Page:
Rotating the Selec-Terrain control ahead of the automatic gearlever allows the Trailhawk to switch between Auto, Snow, Mud, Sand and Rock drive modes, with additional features such as a four-wheel drive lock, a low-ratio gearbox for plundering the torque necessary for steep inclines and an off-road cruise control so that all the driver has to do is steer.
So how is it on the road where it’ll spend most of its time?
Head back to the asphalt and the Jeep’s less convincing. While smooth motorways pose it little problem, where it feels comfortable and planted, undulating B-road surfaces and urban ruts and speedbumps quickly unsettle the Compass, the damping not proving pliant enough to stop it bouncing along, much to the chagrin of its occupants.
It’s not a sporty crossover that responds well to being hustled along a ribboning section of road, either. Although body roll’s reasonably well contained, the steering’s been anaesthetised of much of its feel, although it does feel weightier than many of its direct competitors.
There’s plenty of grunt from the Fiat-sourced 2.0-litre MultiJet diesel – audibly so at lower speeds when you’re looking to build up speed rapidly, but it’s refined enough when it’s at a relaxed cruise. It certainly doesn’t feel fast – as flagged by it failing to crack the academic 0-62 in sub-10 seconds, but it’s adequate enough to prevent you from feeling vulnerable when overtaking.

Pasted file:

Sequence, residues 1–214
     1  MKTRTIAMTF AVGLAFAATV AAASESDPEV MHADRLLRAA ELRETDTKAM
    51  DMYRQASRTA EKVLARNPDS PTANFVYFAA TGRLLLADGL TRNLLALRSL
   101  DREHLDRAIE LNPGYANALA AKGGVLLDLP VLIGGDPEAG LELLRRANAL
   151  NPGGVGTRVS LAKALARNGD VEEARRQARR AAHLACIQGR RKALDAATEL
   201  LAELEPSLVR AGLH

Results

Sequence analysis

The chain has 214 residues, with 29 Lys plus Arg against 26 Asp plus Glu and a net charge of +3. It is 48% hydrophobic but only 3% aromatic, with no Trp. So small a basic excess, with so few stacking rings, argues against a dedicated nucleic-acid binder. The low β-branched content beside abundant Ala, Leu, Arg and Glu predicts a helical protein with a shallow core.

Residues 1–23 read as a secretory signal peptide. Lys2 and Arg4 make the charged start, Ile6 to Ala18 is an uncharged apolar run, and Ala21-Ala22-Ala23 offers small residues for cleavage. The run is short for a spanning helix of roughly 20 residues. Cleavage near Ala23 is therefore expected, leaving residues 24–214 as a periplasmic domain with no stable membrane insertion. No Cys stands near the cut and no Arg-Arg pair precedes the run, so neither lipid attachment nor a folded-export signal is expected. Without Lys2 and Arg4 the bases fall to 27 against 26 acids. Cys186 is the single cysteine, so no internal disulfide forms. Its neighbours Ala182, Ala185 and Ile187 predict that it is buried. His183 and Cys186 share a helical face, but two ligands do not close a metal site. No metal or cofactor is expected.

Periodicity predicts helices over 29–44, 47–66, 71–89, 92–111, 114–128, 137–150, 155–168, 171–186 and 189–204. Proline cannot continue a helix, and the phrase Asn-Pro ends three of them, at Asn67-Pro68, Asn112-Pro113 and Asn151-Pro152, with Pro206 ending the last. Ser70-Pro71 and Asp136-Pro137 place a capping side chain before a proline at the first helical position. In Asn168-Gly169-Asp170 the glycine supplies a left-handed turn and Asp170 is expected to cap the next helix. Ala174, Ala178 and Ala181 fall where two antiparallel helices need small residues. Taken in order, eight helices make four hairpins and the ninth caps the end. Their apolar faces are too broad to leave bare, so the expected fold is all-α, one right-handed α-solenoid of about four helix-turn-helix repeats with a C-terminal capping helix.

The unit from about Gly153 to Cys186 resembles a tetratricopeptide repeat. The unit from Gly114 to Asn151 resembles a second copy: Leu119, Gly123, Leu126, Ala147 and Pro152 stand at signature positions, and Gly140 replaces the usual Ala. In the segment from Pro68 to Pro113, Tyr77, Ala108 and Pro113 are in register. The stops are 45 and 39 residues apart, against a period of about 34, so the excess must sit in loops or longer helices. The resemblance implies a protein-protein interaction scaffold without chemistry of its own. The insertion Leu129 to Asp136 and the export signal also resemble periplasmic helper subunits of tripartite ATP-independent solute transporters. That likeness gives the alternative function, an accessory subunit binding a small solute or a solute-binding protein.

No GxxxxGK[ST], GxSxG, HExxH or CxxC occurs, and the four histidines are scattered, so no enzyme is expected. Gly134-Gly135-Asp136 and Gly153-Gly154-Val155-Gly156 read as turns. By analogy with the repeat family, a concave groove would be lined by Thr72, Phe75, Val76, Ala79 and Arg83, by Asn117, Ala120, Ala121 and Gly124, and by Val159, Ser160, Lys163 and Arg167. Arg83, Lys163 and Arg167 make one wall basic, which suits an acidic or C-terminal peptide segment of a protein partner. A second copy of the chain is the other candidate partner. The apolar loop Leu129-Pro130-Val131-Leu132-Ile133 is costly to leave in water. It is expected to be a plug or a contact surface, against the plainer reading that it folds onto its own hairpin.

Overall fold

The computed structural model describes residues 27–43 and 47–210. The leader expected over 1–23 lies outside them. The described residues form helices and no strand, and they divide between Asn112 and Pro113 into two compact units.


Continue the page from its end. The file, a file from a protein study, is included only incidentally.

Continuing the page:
The ZF nine-speed automatic’s a fine pairing for it most of the time, albeit occasionally prone to a clunky ratio swap at lower speeds.
Trailhawk looks the part
In addition to the slimmer bumpers and ride-height elevation, the Trailhawk edition of the Compass has a number of distinctive visual hallmarks, including a peppering of anodised red details such as the protruding towing eyelet, and a matt-black panel in the centre of the bonnet.
That red theme continues inside, doing much to lift a dour, but well-assembled, cabin. It’s not the last word in roominess, but four adults can be well-accommodated, providing the panoramic glass roof that gnaws into rear headroom isn’t specified.
UK specs are still to be confirmed, but if the latest-generation of Uconnect multimedia system, complete with a responsive 8.4-inch touchscreen isn’t standard, then tick the relevant option box.
It features sharper graphics than before, smoother rendering and refresh rates for the sat-nav and a Jeep Apps function where you can actively monitor steering angle, torque split front-to-rear, battery status and so on. Frustratingly it kept turning itself off on our test car, so time will tell whether it was the pre-production glitch we were assured it was.
If you’re an adventurous family who off-road regularly, then in Trailhawk guise the Jeep Compass makes a compelling argument for itself, despite its occasionally unruly road manners.
But further down the range, it becomes more of a contender against a plethora of capable crossover competition, rather than a distinct choice.
For us, the less expensive, marginally shorter, but significantly more charming Renegade remains the compact Jeep of choice.